On Oct. 27, major news sources reported that multiple indictments were about to be handed down by the grand jury convened by Special Counsel Robert Mueller.

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Ron Malzer

That same day Sen. Ron Johnson, R-Wis., said about Mueller: “He should resign, I take the position that we shouldn’t have a special counsel at this time.”

Johnson’s call to have Mueller resign and to leave the special counsel role vacant is a blatant attempt to provide cover for any and all of those within the Trump campaign who may have violated the law. As such, it must be regarded as a serious threat to the principle of the rule of law in our country.

The question of how much Trump campaign team officials, from lowest to highest levels, may have been working together with agents of the Russian government is yet to be answered. Answers can only come from a full investigation, led by an individual empowered to bring indictments as warranted. Sen. Johnson’s call for a Senate or House report, instead of an appropriate investigation, is a clear and unmistakable attempt to shut the door on an effective pursuit of the facts.

Sen. Johnson is choosing to join in the efforts of President Trump to undermine those investigating Trump’s aides. We all recall Trump’s reported interactions with former FBI Director James Comey. Under oath, Comey testified in June that he was told by Trump: “I hope you can see your way clear to letting this go, to letting Flynn go.” Michael Flynn had served both as a Trump campaign advisor and as President Trump’s national security director. Comey refused to be intimidated, and continued the investigation despite this severely inappropriate pressure. Comey was subsequently fired by Trump.

President Trump has also made it clear that he should be allowed to define the scope of Mueller’s investigation. The New York Times reported July 20 on an interview with the President. Trump insisted that Mr. Mueller would be going outside his mandate if he were to begin investigating matters such as his personal finances. It is completely unacceptable for the president of the United States to use his bully pulpit in an effort to limit the scope of a criminal investigation.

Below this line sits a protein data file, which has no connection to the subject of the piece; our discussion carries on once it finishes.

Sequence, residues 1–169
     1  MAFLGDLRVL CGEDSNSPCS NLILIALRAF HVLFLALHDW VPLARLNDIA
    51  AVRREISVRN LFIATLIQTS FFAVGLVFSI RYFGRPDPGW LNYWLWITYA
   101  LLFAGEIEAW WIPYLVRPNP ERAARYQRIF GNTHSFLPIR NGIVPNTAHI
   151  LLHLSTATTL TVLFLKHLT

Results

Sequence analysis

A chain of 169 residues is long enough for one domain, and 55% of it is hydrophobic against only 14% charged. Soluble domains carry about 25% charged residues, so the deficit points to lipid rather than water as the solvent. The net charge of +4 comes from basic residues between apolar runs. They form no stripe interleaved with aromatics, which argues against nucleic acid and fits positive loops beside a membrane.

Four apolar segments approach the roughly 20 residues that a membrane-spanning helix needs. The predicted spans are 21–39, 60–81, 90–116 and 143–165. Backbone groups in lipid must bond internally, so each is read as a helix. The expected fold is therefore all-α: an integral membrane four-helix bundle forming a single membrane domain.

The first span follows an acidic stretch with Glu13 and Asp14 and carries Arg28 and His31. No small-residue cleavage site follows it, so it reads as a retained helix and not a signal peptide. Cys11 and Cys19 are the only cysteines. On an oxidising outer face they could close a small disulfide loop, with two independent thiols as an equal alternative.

Giving his farewell address, President Obama eloquently warned us how high the stakes would become if the next administration tried to place itself above the law. Obama declared: “Our Constitution is a remarkable, beautiful gift. But it’s really just a piece of parchment. It has no power on its own. We, the people, give it power – with our participation, and the choices we make. Whether or not we stand up for our freedoms. Whether or not we respect and enforce the rule of law. America is no fragile thing. But the gains of our long journey to freedom are not assured.”

If the rule of law is to be upheld, if President Theodore Roosevelt’s principle— “No man is above the law”— is to be kept, the American people need to tell President Trump, Senator Johnson and anyone else who tries to block full investigation that this needs to stop. We the people are entitled to know about any Russian meddling in our election. And if any campaign officials broke the law, appropriate consequences must be brought to bear. The future of our democracy rests upon our insistence that our laws receive faithful adherence.


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